31 Mass. App. Ct. 348

March 13, 1991 - September 10, 1991

Middlesex County


In an action brought by a Connecticut bank against Massachusetts residents, seeking payment of $5,500 borrowed in New Jersey from an automatic teller machine with a credit card, the judge incorrectly applied the law of New Jersey in granting summary judgment to the bank, where the credit agreement expressly stated that the law of Connecticut governed the use of the credit card and account, and where New Jersey, under its choice-of-law rules, would have looked to the law chosen by the parties. [349-352]

Under the law of Connecticut, as applicable to a credit card transaction in which Massachusetts residents withdrew money from an automatic teller machine situated in the gambling area of a casino in Atlantic City, New Jersey, a material question of fact remained whether the plaintiff bank knew the money was borrowed for gambling (thus voiding the debt), and the case was remanded for further proceedings. [352-353]

CIVIL ACTION commenced in the Framingham Division of the District Court Department on June 3, 1988.

On transfer to the Superior Court Department, the case was heard by Robert J. Hallisey, J., on a motion for summary judgment.

Neal M. Brown for the defendants.

Robert E. Fierman for the plaintiff.

PERRETTA, J. It is the law of Massachusetts (G. L. c. 137, Section 3), Connecticut (Gen. Stat. Section 52-553 [1960]), and New Jersey (Stat. Ann. Section 2A:40-3 [West 1987]), that a contract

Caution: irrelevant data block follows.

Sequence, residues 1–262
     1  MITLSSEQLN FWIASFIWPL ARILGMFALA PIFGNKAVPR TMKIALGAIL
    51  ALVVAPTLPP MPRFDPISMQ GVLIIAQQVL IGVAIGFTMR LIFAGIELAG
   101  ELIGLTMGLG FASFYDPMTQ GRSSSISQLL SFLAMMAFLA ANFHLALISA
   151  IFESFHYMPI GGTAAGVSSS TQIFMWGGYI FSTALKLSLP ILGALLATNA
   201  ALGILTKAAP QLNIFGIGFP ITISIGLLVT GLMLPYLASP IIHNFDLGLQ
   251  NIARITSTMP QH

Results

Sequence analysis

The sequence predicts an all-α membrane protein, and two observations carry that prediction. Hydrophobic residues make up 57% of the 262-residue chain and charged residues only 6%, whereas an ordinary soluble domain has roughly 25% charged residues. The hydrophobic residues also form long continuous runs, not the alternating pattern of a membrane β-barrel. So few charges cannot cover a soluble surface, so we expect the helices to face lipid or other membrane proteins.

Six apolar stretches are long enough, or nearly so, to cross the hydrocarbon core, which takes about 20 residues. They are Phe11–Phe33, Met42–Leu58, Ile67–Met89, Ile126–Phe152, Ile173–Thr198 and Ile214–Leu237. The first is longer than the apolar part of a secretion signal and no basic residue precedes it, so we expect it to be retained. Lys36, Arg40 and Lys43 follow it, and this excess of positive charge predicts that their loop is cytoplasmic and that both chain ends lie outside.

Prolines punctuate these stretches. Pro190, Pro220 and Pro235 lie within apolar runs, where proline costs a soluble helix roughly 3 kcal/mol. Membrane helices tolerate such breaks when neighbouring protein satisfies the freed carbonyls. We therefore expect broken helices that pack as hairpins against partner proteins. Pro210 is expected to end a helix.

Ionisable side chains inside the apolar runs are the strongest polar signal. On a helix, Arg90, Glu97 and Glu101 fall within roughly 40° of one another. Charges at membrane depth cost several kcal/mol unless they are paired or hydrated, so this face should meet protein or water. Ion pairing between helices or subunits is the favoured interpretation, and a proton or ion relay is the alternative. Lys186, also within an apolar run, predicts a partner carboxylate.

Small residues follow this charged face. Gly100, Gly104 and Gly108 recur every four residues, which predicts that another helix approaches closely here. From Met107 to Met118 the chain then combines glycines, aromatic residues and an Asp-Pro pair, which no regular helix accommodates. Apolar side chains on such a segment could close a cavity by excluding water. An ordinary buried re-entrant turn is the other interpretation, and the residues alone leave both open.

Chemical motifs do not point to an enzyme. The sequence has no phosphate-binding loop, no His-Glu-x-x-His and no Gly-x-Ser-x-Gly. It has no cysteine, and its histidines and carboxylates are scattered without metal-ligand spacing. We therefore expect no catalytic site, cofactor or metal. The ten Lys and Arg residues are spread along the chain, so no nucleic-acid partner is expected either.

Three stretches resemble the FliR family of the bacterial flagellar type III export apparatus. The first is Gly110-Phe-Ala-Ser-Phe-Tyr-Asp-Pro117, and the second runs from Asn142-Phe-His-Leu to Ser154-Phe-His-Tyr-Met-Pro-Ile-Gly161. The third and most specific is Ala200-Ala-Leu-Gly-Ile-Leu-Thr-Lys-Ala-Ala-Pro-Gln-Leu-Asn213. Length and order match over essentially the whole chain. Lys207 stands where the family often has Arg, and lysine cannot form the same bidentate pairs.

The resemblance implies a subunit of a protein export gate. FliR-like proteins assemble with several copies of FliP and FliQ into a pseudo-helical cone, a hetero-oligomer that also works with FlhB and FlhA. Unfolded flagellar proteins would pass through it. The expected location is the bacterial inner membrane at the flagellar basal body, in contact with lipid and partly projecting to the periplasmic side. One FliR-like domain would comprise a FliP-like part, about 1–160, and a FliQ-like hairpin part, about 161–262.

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to pay money knowingly lent for gambling is void. New Jersey, however, has an exception to this rule, its so-called Casino Control Act, N.J. Stat. Ann. Section 5:12-101 (West 1988). That statute, essentially, provides that a loan made for casino gambling in Atlantic City is legal and enforceable. See Gottlob v. Lopez, 205 N.J. Super. 417 (1985). The Kommits are Massachusetts residents who hold a Mastercharge card pursuant to a credit agreement with the Connecticut National Bank of Hartford (bank). The bank brought this action in Massachusetts seeking payment of $5,500 borrowed by the Kommits with the use of their card. The Kommits refused to pay because, as appears from Richard Kommit's affidavit filed in opposition to the bank's motion for summary judgment, he borrowed the money for gambling. It seems that, "on diverse dates" while at a casino in Atlantic City, Richard Kommit used his Mastercharge card to withdraw a total of $5,500 from an automatic teller machine. That machine was located in the "pit," the gambling area, of the casino. He claims that the machine was intended "to advance funds expressly for the purpose of gambling." Denying none of these facts, the bank argued that the debt is enforceable under New Jersey law. The Kommits relied upon Massachusetts law. The judge concluded that there was nothing in the undisputed facts which "offended Massachusetts public policy" and allowed the bank's motion. Because New Jersey law is not controlling and because there is a disputed issue of material fact, whether the bank knew that the money it lent to Richard Kommit was intended for gambling, we reverse the judgment.